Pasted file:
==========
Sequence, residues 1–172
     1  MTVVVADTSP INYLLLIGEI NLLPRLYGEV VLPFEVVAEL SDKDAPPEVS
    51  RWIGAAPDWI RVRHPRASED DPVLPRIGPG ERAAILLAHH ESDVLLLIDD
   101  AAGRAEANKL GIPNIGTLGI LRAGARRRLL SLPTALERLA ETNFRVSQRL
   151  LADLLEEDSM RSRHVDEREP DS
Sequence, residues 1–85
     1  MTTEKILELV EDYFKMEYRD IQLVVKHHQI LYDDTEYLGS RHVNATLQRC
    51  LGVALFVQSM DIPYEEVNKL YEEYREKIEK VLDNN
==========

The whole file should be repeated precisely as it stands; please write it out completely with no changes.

Sequence, residues 1–172
     1  MTVVVADTSP INYLLLIGEI NLLPRLYGEV VLPFEVVAEL SDKDAPPEVS
    51  RWIGAAPDWI RVRHPRASED DPVLPRIGPG ERAAILLAHH ESDVLLLIDD
   101  AAGRAEANKL GIPNIGTLGI LRAGARRRLL SLPTALERLA ETNFRVSQRL
   151  LADLLEEDSM RSRHVDEREP DS
Sequence, residues 1–85
     1  MTTEKILELV EDYFKMEYRD IQLVVKHHQI LYDDTEYLGS RHVNATLQRC
    51  LGVALFVQSM DIPYEEVNKL YEEYREKIEK VLDNN